One symptom of ADHD is difficulty regulating negative emotions.
Emotions such as worry, fear or anger can easily get the best of us unless we have powerful tools to stay in control of our emotions.
When gripped by powerful negative emotions, chemical and neurological changes occur in the body. These changes are often referred to as the “fight, flight, fright, or freeze” syndrome.
When our body goes in this state, our logical, rational mind is bypassed and the primitive survival areas of the brain take charge. Under these conditions, it is difficult to think clearly and stay in control.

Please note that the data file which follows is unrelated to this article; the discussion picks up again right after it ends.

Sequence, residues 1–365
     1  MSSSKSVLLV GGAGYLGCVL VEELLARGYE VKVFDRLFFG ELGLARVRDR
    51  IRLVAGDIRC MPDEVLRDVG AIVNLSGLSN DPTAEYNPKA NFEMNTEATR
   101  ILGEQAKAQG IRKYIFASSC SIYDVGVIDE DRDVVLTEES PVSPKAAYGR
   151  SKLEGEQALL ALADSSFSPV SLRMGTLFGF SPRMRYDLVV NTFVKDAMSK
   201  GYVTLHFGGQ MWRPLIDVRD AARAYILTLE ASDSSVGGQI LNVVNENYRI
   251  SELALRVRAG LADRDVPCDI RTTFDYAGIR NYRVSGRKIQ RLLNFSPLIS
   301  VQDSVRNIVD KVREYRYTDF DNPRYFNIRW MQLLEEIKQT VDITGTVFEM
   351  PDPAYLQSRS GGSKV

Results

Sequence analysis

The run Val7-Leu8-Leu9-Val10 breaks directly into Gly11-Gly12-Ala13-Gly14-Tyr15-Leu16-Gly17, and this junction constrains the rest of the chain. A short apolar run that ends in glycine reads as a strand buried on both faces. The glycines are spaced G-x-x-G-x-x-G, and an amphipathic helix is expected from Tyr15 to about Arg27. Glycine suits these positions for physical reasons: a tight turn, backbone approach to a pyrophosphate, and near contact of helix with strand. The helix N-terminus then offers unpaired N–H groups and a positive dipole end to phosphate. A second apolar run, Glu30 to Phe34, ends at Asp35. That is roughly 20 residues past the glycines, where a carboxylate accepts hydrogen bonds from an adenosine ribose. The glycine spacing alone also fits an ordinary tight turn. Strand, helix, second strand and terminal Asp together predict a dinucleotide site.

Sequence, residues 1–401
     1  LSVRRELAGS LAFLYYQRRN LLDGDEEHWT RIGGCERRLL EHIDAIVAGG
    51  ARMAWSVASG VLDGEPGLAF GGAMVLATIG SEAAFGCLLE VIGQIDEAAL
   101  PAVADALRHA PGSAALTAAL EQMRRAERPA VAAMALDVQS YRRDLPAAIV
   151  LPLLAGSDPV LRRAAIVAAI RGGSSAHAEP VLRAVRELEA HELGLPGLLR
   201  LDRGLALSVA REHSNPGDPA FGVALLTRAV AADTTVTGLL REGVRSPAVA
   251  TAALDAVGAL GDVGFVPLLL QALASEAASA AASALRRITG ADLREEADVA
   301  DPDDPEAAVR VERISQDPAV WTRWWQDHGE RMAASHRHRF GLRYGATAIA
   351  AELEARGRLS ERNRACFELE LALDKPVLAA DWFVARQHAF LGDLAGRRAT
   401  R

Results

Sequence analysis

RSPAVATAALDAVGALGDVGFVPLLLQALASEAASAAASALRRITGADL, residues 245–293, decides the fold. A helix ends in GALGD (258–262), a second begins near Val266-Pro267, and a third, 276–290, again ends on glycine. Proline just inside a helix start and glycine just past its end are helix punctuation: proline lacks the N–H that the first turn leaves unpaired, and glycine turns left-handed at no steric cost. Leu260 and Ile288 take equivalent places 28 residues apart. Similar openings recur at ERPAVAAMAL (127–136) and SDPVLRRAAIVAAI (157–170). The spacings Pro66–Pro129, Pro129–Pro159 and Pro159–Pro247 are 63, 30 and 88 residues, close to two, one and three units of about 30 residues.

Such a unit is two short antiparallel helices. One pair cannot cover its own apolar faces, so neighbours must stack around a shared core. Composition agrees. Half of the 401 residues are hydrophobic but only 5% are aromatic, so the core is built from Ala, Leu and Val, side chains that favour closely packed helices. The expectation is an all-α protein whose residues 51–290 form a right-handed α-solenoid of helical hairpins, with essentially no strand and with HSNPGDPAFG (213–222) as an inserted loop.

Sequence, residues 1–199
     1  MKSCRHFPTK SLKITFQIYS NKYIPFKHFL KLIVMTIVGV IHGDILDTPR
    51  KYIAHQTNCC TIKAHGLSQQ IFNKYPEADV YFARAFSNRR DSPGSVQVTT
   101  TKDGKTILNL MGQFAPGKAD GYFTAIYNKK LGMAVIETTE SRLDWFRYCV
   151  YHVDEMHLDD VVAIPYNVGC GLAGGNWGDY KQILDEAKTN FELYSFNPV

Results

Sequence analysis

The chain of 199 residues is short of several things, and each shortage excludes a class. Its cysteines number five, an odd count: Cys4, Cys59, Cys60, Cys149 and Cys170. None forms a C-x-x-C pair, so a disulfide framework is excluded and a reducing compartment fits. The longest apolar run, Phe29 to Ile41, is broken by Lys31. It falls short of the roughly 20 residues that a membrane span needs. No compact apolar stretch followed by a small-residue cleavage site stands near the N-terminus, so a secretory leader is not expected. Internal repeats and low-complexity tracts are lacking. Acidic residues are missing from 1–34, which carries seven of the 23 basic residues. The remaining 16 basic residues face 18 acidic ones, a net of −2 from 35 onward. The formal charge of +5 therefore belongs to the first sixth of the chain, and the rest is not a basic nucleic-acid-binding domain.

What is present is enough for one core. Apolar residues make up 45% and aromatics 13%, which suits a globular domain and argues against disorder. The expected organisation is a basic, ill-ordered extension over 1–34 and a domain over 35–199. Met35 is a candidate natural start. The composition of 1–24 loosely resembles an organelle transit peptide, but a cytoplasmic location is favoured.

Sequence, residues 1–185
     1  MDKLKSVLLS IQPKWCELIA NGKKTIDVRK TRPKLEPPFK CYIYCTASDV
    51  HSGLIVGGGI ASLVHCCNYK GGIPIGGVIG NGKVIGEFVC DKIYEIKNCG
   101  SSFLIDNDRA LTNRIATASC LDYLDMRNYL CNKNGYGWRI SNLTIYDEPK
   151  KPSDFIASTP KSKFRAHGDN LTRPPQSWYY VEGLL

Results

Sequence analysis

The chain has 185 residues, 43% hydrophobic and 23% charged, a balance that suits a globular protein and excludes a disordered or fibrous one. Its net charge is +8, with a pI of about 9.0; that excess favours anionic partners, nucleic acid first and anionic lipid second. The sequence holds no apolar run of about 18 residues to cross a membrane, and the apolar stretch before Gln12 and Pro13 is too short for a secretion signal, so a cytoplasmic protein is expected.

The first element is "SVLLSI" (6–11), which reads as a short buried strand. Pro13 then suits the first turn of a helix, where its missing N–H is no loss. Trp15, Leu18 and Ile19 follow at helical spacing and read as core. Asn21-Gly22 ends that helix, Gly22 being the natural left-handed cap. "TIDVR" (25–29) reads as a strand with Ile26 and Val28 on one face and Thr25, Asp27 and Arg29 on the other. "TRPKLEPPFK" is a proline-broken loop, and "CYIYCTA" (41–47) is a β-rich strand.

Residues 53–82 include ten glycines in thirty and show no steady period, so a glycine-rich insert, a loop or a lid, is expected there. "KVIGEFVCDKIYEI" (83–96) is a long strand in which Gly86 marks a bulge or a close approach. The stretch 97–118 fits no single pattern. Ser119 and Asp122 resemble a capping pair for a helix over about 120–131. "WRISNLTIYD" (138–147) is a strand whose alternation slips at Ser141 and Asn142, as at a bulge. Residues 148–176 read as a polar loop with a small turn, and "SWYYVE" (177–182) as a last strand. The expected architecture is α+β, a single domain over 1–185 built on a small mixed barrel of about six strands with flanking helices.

With logical thinking stalled or blocked, we lose access to our productive coping strategies. When this happens, we remain stuck in a cycle of emotionality and struggle. We react from instinct to protect ourselves. Reactivity encourages poor coping strategies such as blaming, quitting and denying responsibility.
In order to get back in charge, we need to break the cycle of “fight, flight, fright, or freeze”. We need to regain control of our logical decision-making skills so we can make good decisions that will help us met our goals.